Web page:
an army wife's guide to life

food and homemaking goodness

My Quickest Pasta Sauce Recipe

This is not my grandmother’s sauce.
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And i put that in bold, because, in my family, that’s a huge no no. This is my sauce, the sauce I make when I’m pressed for time or just don’t feel like starting to cook in the morning but I want pasta. This is different. It’s not as tasty because it hasn’t simmered for hours, but it’s still good. And it’s more than good enough to share. This is one of those recipes where you can dress it up however you like, just remember to taste often and season well.

What you’re gonna need:

  • 1 lb (or less) of ground meat. I usually use ground beef, but Italian sausage out of the case is delicious, too.
  • 1 (28 oz) can, crushed tomatoes w/ basil. That was the only kind they have in my grocery store and I haven’t wished there was anything else.
  • 1 (12 oz) can, tomato sauce
  • 4 cloves garlic, minced
  • Italian Seasoning, Garlic Powder, Onion Powder
  • Salt&Pepper

Super simple, and the meat is totally optional. I’ve made it without before and it was delicious just like that, too. Basically all you’re gonna do is brown the meat with the garlic (or cook the garlic in a little olive oil if you’re omitting the meat), add your canned goods, then fill the crushed tomato can with water (slowly, so it doesn’t get weird and foamy) and add that to the pan as well. Season with Salt, Pepper, Italian Seasoning, Onion and Garlic Powder to taste and let it simmer for about 15 minutes. That’s it. Leave it longer if you have time, but 15 minutes should do the trick for getting it ready. Then just serve it over your favorite pasta. Simple and delicious.

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Split Pea and Andouille Soup

We have had so much snow here in Kansas the past few weeks, and that makes me just want to curl up with a cup of coffee and a pot of soup on the stove. And living here in Kansas means that I’m in the mood for soup way more than I ever was in the south.

Which led me to this experiment. My mother-in-law makes split pea soup every Christmas time with the leftover Christmas ham, and it’s really good. But I’m all about twists. And I like to make things a little spicier for me. Hence the Andouille added to the soup.

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Here’s what you’ll need:

  1. 1 medium onion, minced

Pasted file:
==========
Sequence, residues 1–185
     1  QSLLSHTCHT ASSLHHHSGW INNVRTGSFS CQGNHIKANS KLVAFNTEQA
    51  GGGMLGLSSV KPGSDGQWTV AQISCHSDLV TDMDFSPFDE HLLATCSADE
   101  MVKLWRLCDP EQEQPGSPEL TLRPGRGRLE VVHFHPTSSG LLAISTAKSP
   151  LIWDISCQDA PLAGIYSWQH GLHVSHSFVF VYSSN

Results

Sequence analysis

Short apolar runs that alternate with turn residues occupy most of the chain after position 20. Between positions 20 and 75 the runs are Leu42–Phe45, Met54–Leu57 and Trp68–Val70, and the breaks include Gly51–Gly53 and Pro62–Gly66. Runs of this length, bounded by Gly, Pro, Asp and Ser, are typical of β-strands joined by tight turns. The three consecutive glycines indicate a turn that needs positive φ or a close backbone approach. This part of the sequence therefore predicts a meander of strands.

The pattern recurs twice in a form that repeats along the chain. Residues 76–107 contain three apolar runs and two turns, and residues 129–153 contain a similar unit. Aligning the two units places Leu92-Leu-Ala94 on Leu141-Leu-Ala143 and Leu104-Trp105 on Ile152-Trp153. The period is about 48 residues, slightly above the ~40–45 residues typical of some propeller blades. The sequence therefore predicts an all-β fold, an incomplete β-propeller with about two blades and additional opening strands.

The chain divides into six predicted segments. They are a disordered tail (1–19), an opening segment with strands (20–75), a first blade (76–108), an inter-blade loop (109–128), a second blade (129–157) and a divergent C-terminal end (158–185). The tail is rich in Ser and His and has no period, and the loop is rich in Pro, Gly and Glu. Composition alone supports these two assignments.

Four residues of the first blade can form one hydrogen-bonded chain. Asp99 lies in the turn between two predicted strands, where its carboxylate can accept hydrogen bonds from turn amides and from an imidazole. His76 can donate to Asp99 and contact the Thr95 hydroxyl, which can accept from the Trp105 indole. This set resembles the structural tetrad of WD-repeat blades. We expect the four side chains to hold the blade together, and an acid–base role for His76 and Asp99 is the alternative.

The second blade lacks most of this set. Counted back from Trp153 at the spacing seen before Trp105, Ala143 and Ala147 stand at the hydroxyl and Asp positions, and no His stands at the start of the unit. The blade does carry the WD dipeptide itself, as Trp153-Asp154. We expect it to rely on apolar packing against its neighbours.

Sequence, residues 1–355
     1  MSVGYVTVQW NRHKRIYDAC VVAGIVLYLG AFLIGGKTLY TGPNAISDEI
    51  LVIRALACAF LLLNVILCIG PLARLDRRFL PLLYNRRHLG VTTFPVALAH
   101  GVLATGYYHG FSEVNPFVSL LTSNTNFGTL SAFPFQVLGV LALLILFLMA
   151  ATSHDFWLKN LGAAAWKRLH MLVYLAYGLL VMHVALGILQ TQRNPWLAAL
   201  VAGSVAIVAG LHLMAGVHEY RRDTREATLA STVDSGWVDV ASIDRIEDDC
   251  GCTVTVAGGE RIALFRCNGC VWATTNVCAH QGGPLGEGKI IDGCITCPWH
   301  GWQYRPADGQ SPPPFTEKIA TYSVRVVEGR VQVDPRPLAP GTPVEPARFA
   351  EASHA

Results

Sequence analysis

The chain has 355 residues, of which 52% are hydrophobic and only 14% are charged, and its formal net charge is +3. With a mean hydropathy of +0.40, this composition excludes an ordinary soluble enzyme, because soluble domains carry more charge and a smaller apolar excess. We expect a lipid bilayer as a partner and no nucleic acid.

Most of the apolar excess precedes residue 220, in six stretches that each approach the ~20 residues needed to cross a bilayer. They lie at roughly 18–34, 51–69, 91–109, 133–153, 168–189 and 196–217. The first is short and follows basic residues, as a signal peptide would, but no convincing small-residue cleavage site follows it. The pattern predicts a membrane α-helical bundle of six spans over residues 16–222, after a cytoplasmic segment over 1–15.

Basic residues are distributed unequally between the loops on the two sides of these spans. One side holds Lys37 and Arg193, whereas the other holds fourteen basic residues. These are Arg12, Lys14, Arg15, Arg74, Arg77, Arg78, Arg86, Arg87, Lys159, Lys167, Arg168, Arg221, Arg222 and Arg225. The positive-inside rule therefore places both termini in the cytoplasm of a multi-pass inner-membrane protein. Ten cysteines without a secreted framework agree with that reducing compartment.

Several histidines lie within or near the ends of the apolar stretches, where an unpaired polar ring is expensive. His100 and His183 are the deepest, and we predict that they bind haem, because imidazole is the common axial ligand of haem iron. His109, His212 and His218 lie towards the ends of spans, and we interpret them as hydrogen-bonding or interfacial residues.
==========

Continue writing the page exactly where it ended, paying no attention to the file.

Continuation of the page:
2. 3 cloves of garlic, minced
  3. 1 rib of celery, minced
  4. 1/2 cup shredded carrot (about 1/2 a large carrot)
  5. 2 boxes (32 oz.) beef stock
  6. 1 can fire roasted tomatoes
  7. 1 can tomato sauce
  8. 2 cups dried split peas
  9. 1 large link of Andouille sausage, sliced in half
  10. Garlic Powder
  11. Chili Powder
  12. Creole Seasoning
  13. Salt and Pepper
  • cook onion, garlic, celery, and carrot in a deep pot with an inch of oil, until the vegetables get soft. add the remaining ingredients, including the seasonings, to taste. i would totally recommend you start out with a little bit, and then add more as you go. it’ll get deeper as you let it cook down, plus, overusing the creole seasoning is always a bad idea. it’s too spicy and just tastes funny if you use too much.
  • let it simmer until it’s all cooked down together, and sear and cut the sausage before adding it back to the soup.
  • i served it with fresh bread and fried okra.
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Cheater’s Ravioli

I’ve been finding some awesome ravioli recipes, but I haven’t even started to master making fresh pasta…so I needed a different way to try my ravioli recipes.

And then it came to me: I could stuff it into manicotti. And that is what this recipe is. It’s portobello mushroom manicotti. Instead of using any recipe I found online, I just made it up on the spot.

Here’s most of what you’ll need:

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I added a few things along the way (there was no real plan, I was completely improvising.), and, you’re obviously going to need some kind of pasta sauce (I used the pot of sauce I have in the fridge), but I’ll let you know what you’ll need.

Preheat your oven to 350°.

So, you’re gonna want to start a pot of water to cook the manicotti (this recipe will make more than enough for the entire box, if that’s what you’ll need. For two people, half the box will do. Go ahead and wash the mushrooms and let them drain in the sink while you chop the onion and garlic (I used 4 cloves) very finely. In a somewhat large pan, go ahead and start cooking the onions and garlic in a little bit of oil over medium heat, until they’re soft and the onions are translucent.